RMIT
 

Ingestible ‘Smart Capsule’ is a Breakthrough for Gut Health, Could Save Lives

  • 11 January 2018
  • Sam Mire

CES season is a time when the world gets a sneak-peak into many of the technologies of the future. Countless tech bloggers, many the industry’s brightest minds, and the generally curious flock to the convention, but it’s inevitable that this time of year brings more sensationalism than substance.

Don’t let CES-mania allow you to overlook one invention, as it holds potential that could truly prove the difference in life and death for many. A team out of RMIT University in Australia has developed the first gas-sensing ‘pill’, though the capsule is unlike any pill you have ever swallowed. The first of its kind, it measures levels of oxygen, carbon dioxide, and hydrogen to measure gut health and even detect the onset of different disorders such as IBS, Crohn’s disease, colitis, malabsorption syndrome and even colon cancer, whose differing microbial causes the medical community still remains ignorant to.

This vitamin-sized device’s gas-permeable membrane could be used to provide more specific and early diagnoses, allowing individuals to monitor their gut health and dieticians to form individualized dietary regimens that allow patients to avoid or alleviate the digestive disorders.

Measuring gut gas levels, and therefore monitoring the combination of gases and microbes that interact to eventually cause disorders in our digestive tract is nearly impossible with current tools. Breath tests, tube insertions, and fecal analysis are often inaccurate, not to mention varyingly uncomfortable. As a partial result, many people choose to live for years or decades with discomfort before seeing a physician for an upper-GI or colonoscopy, often only to find out they have waited far too long. For these reasons, the easily ingestible gas-sensing capsule could change the way we monitor, prevent, and diagnose disorders of the gut.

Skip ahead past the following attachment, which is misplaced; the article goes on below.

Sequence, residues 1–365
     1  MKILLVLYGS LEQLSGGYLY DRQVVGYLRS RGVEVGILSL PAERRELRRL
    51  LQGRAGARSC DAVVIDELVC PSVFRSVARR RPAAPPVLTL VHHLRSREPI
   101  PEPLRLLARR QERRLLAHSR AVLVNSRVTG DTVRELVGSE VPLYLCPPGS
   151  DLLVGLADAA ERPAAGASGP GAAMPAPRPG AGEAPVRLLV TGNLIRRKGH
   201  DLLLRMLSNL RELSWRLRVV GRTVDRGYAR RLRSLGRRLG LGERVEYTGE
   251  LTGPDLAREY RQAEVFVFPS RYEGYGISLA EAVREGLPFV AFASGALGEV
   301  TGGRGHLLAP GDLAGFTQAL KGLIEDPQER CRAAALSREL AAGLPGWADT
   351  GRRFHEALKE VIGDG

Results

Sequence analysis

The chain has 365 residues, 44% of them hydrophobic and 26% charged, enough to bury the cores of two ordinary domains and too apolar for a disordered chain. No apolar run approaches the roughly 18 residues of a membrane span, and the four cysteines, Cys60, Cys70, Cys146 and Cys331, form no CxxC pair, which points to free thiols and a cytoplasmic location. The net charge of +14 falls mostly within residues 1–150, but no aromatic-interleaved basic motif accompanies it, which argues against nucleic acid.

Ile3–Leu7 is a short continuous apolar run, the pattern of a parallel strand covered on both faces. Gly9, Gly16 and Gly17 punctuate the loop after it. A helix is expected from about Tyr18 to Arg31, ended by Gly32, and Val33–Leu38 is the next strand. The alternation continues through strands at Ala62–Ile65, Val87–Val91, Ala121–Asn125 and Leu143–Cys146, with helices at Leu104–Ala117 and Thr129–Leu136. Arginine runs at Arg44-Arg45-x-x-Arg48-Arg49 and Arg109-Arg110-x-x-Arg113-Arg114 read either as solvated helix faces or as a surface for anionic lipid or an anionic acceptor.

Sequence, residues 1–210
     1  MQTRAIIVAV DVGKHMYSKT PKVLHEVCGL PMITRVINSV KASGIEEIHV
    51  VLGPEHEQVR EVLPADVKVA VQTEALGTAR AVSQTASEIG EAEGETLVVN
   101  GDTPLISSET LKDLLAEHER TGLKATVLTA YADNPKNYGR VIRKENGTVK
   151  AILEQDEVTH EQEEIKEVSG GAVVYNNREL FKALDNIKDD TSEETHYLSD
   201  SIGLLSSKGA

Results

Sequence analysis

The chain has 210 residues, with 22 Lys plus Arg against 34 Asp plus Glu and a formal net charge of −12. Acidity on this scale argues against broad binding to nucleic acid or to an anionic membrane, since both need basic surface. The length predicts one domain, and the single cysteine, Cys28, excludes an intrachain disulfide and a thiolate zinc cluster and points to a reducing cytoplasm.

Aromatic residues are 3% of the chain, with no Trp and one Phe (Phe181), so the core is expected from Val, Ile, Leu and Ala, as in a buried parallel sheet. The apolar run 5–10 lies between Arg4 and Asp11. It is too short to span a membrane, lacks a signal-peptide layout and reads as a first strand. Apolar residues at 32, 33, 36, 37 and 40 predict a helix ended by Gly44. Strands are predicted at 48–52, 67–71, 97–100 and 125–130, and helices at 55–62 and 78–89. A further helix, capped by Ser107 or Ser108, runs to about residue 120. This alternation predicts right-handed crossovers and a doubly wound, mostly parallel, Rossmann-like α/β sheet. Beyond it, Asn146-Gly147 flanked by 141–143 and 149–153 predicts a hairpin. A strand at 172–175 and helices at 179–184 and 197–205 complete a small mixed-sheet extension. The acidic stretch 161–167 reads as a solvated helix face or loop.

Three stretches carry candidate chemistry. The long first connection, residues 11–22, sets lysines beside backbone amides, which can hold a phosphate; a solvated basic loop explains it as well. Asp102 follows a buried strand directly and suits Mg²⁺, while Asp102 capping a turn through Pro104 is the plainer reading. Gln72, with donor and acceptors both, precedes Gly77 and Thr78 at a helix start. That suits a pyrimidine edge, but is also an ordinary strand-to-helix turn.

This could represent a gastric protection system against foreign bodies. Such an immune mechanism has never been reported before, said Kourosh Kalantar-Zadeh, co-inventor of the capsule.

The pill has successfully passed phase one of human trials at Australia’s Monash University, and funding for phase two is currently being collected. Eventually, the pill will reach market, and real-time data about the concentration of gases in the intestinal tract will be transmitted to smartphones and other devices, giving us greater insight than ever into what may be causing those strange noises often arising from the unseen depths of our stomachs.

With a non-transparent, polyethylene shell equipped with gas-detecting sensors, the internally contained temperature sensor, microcontroller, transmission system and button-size silver oxide batteries can operate with no threat posed to our health. If it proves safe and functional, the ingestible device could, by far, be the least invasive, most effective gut health diagnosis breakthrough to date. In the case of colon cancer prevention and detection, it could literally prove to be a lifesaver. And, it will only cost $30-$40 to produce at scale, with the inventors vowing that they will make the capsule as widely available as possible.

We're not doing this for profit,” he says. “The only thing we want to see is benefit for people, Kalantar-Zadeh added.

During a time of year where we tend to focus on the latest smart-gadget or trendy, unnecessary piece of flashy tech, the significance of this smart capsule shouldn’t be overlooked.

About Sam Mire

Sam is a Market Research Analyst at Disruptor Daily. He's a trained journalist with experience in the field of disruptive technology. He’s versed in the impact that blockchain technology is having on industries of today, from healthcare to cannabis. He’s written extensively on the individuals and companies shaping the future of tech, working directly with many of them to advance their vision. Sam is known for writing work that brings value to industry professionals and the generally curious – as well as an occasional smile to the face.

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